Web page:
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In the canonical picture of galaxy formation, the initial distribution of baryons in the universe matched that of the dark matter, such that when dark matter overdensities collapse and virialize, gas is also affected by the same large–scale tidal fields as the dark matter, resulting in a similar distribution of baryonic matter as that of the dark matter. However, since the halo gas is dissipational (unlike dark matter), it is capable of radiating away orbital and thermal energy, sinking to the center of the halo's gravitational potential, until it is ultimately cold and dense enough to form stars. Thus, all galaxies are thought to be embedded at the center of a massive dark matter halo, with the sizes, luminosities, morphologies and angular momentum content of those galaxies owing to the details of their formation — which are likely to be correlated in some way with the formation of the dark matter halo. In this section, we will detail the canonical model for how this link between dark matter halo formation and galaxy formation is thought to operate, including the importance of this model in laying the foundation for semi-analytic models (SAMs) of galaxy formation, and discussing the levels of agreement between such models and observations. We will then give a brief review of the challenges and achievements in attempting to simulate galaxy formation directly with hydrodynamic cosmological simulations.

3.1. Modeling Gas Accretion onto Galaxies

The classic picture of galaxy formation (e.g., Fall & Efstathiou, 1980, White & Frenk, 1991, Mo et al., 1998) attempts to model the formation of galactic disks inside the hierarchical framework of LCDM by making a few assumptions about the relationship between the baryons and dark matter. In these relatively simple models it is possible to reproduce a number of observable properties of spiral galaxies (e.g., the slope and scatter of the Tully–Fisher relation) as well as damped Lyα absorbers, while making as few underlying assumptions as possible. For example, Mo et al. (1998) use the following fundamental assumptions:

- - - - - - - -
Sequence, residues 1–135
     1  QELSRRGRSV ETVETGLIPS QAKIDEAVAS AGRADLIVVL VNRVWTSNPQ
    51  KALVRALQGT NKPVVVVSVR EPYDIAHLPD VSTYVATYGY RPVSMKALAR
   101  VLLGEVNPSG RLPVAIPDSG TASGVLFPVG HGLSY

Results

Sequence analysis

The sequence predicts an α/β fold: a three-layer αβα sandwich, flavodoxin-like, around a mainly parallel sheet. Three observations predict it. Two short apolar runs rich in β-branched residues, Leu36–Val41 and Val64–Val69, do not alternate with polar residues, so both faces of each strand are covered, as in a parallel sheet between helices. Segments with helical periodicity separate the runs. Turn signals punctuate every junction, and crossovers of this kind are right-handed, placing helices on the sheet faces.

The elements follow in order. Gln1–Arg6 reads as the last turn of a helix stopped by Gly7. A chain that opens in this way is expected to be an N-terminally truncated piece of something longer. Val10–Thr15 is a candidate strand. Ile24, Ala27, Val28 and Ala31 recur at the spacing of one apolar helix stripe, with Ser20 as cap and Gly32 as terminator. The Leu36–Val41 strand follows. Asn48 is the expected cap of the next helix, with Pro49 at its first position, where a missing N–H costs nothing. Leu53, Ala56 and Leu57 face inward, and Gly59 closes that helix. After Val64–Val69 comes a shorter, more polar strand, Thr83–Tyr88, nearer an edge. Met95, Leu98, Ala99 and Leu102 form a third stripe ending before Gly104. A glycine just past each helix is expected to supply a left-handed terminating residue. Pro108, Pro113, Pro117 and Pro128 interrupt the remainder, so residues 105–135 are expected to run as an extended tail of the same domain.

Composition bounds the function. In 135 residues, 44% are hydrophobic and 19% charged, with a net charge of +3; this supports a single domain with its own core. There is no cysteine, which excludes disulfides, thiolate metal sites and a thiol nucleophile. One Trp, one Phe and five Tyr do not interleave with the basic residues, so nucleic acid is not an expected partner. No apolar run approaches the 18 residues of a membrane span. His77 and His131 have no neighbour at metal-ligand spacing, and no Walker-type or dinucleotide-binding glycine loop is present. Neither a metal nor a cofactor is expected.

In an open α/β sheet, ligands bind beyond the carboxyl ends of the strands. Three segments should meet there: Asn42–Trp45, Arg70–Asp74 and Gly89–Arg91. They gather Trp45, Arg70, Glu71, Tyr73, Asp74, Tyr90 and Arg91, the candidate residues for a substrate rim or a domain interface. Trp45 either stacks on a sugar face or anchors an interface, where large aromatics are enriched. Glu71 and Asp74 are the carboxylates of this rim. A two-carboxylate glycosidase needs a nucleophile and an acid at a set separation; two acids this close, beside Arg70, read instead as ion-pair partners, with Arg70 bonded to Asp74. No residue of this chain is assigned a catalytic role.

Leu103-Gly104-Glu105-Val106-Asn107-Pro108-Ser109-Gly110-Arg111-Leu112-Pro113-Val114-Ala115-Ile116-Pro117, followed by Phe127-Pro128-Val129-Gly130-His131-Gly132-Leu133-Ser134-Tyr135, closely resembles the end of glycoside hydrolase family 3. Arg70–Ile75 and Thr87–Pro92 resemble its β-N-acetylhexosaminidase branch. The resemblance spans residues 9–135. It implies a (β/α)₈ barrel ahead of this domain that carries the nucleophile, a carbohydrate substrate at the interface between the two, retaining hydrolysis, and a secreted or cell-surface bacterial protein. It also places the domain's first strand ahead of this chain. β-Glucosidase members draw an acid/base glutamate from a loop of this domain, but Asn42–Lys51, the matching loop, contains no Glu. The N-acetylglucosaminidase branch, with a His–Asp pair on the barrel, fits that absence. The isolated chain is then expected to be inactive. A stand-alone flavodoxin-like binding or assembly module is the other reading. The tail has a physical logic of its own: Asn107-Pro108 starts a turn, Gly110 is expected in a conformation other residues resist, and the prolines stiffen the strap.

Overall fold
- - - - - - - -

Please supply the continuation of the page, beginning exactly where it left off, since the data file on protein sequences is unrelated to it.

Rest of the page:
1. As the halo forms, the gas initially relaxes into an isothermal distribution. Further gas accretion is shocked to the virial temperature of the halo. Virialized gas subsequently cools, conserving angular momentum.
  2. The specific angular momenta of galaxy disks are thus similar to their parent halos, jdj (alternatively, λd ≃ λ). As a result, the total angular momenta of disks is expected to be a fixed fraction of that of the halo: Jd / JMd / M.
  3. Galaxy disks have masses that are a fixed fraction of roughly a few percent of the mass of their parent halos: Md / M ≤ 0.05
  4. The resulting disk is assumed to be rotationally supported with an exponential surface density profile and Rd ≃ λ Rvir.

Building on this approach, more recent semi-analytic models include additional physical models such as supernova feedback that expels gas from galaxies, black hole growth and feedback that heats gas in galaxy clusters, estimation of the cooling radius and cooling rate out of the hot halo, as well as effects of galaxy mergers such as starbursts and morphological transformation (recently, e.g., Cattaneo et al., 2006, Croton et al., 2006, Somerville et al., 2008, Dutton, 2012, Somerville et al., 2012). By tuning the input parameters of these models on certain observational constraints (e.g. tuning the chemical yield of supernovae to reproduces metallicities of stars in galaxies in Somerville et al., 2008), it is possible to produce modeled galaxy populations that reproduce a great number of physical properties of galaxies: e.g., cold gas fractions, stellar ages, specific star formation rates, stellar mass functions, etc.